SUBJECT MATTER: We are looking for works that demonstrate how women are participating in the current global economy as leaders and agents of positive change.
MEDIUM: Photographic works that can be printed via a digital file are eligible. There is no set stylistic requirement; meaning that we will accept all two-dimensional works using any photographic process including photo-essays, portraits, candids and digitally derived or manipulated photos.
PRINTING AND FRAMING: All works will be printed in either a vertical or horizontal 16" x 20" format. The prints will be produced in San Francisco by RayKo Photo Center and framed in simple black metal frames with white mats.
Bita Haidarian, an Iranian American filmmakersets off on a journey around the world to find out where she is from and who she is.
Born in America to Baha’i refugee parents from Iran, Bita tells the tragic-comic story of her family coming to America, her childhood in Texas, trying to fit in, and competitive cheerleading – all part of the quest of a girl who knows more about MTV than Al Jazeera.
Bita wanders through the US, Europe, the Middle East and Pakistan examining the cultures at play on her life and the lives of women in these places. It looks thoroughly engaging and we're lucky, I'll have an interview with Bita here in the near future for you all to read.
The overwhelming trailer response has inspired us to build an organization around the movie. Our goal: to bridge the gap between east and west by sharing the compelling stories of women - some empowered, others seeking empowerment - from both hemispheres. (website)
And Bita’s plea to public – please watch my film! If it doesn’t succeed, I’m going to have to get married.
I have to say that I like it when we embrace our bodies with humor and familiarity. I much prefer that over the shame, vilification and objectification that patriarchal domination models are known for. That may be my justifying why my daughter and I still laugh at fart jokes.
Be that as it may, this video came out a while back and played around with several common experiences.
Not content to be a viral video, the creators have taken the idea into the blogosphere. You can find them at The Period Fairy Blog or here on our blogroll. I am looking forward to more from them. What's not to love about a character flitting around with a tub of ice cream and laying into our self estem?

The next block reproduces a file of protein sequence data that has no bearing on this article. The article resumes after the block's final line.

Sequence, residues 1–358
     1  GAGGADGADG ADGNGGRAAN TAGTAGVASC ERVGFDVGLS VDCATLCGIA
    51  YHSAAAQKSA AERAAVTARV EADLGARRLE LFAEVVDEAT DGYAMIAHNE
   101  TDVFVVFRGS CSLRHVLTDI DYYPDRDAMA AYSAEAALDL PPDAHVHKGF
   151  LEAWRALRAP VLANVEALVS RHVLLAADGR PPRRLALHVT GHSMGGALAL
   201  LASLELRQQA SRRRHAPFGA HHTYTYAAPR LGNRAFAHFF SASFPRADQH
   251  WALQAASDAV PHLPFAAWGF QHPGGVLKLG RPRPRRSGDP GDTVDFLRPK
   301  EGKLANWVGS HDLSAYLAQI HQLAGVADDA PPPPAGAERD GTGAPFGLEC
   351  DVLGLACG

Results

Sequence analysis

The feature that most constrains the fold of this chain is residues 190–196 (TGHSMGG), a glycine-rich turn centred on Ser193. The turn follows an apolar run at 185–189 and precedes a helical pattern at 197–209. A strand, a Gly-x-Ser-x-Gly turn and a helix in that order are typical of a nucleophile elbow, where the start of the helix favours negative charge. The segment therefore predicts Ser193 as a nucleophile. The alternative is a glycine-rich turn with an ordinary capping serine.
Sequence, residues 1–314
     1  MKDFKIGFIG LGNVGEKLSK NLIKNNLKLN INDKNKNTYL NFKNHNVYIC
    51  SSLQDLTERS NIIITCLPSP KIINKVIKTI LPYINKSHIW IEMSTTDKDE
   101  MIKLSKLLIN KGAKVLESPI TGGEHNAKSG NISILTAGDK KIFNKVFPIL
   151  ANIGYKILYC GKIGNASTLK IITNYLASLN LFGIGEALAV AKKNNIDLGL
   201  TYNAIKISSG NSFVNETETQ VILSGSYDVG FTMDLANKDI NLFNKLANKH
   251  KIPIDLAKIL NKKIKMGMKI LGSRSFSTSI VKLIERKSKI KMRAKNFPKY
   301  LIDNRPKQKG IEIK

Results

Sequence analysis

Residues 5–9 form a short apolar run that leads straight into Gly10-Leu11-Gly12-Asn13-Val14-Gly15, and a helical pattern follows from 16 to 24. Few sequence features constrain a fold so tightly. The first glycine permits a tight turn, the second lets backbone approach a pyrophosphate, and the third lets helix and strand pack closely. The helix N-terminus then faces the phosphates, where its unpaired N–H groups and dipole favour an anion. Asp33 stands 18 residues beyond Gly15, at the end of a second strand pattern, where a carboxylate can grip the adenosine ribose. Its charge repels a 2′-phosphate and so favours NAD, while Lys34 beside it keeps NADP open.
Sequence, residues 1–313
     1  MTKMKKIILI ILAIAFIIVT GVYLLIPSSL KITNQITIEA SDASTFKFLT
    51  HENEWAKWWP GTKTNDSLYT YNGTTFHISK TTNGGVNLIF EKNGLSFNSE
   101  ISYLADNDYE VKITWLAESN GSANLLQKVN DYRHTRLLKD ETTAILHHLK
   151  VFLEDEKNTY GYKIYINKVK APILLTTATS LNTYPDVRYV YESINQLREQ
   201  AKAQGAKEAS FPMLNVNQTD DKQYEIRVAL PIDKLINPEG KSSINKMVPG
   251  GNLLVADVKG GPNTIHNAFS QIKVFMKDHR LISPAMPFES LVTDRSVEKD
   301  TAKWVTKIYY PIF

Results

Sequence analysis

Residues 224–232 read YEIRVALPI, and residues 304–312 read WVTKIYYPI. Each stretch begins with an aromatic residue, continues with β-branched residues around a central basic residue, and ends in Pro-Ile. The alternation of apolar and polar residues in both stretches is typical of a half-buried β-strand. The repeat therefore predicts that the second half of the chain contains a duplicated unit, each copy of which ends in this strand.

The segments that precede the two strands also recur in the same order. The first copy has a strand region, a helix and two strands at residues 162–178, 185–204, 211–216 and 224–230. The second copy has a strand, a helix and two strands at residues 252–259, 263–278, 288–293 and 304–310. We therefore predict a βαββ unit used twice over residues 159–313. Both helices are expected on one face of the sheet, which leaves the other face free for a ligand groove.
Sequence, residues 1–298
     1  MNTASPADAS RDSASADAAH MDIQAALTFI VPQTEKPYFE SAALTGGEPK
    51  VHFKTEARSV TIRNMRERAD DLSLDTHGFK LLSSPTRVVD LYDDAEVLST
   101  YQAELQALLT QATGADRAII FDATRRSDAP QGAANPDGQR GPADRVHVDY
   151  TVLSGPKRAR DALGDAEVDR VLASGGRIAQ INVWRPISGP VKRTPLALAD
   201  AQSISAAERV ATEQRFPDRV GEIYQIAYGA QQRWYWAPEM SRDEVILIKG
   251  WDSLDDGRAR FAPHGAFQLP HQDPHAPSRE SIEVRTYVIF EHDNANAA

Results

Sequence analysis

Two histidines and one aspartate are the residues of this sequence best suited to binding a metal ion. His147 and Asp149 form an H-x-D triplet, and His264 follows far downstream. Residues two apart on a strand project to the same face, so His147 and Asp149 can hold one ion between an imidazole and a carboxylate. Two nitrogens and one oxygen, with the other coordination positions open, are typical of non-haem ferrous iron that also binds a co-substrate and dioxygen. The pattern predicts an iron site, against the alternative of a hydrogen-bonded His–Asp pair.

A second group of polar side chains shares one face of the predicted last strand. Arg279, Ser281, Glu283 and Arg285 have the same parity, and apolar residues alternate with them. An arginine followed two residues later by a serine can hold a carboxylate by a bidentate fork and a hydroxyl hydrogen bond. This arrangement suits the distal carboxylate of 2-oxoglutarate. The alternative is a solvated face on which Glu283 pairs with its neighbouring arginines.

While you're at it, you should probably check out an older favorite of mine - The Self-Doubt Fairy by Rachel Nabors.
Thank you for publishing Pamela Druckerman's, "How I Planned a Menage à Trois." For all the shock-value usually attributed to sexual exploration, Druckerman's focus on negotiating with potential partners over coffee is greatly refreshing. She resists the sensationalist cliché that threesomes are invariably traumatizing and the opposite sensationalist cliché that threesomes are as glamorous as they look in porn, and instead reports her honest experience. More of this, please.
However, I'm frustrated how Druckerman glosses over, "In practice, I was shaken up," in the last couple sentences. Up until that point, planning and having her threesome feels either fun or banal, and then she's "struck by how emphatically [she] want[s] [her] husband." Why then suddenly shaken up? Is she feeling jealous? Or does she feel that N or her husband have violated any of her boundaries? Or is she shaken up by others' judgments that she's "supposed" to feel shaken up? Druckerman shows so much introspection up until that point, but as soon as she decides that actually her desires are "conservative" (and therefore "normal"?), she quits analyzing. That strikes me as lazy journalism.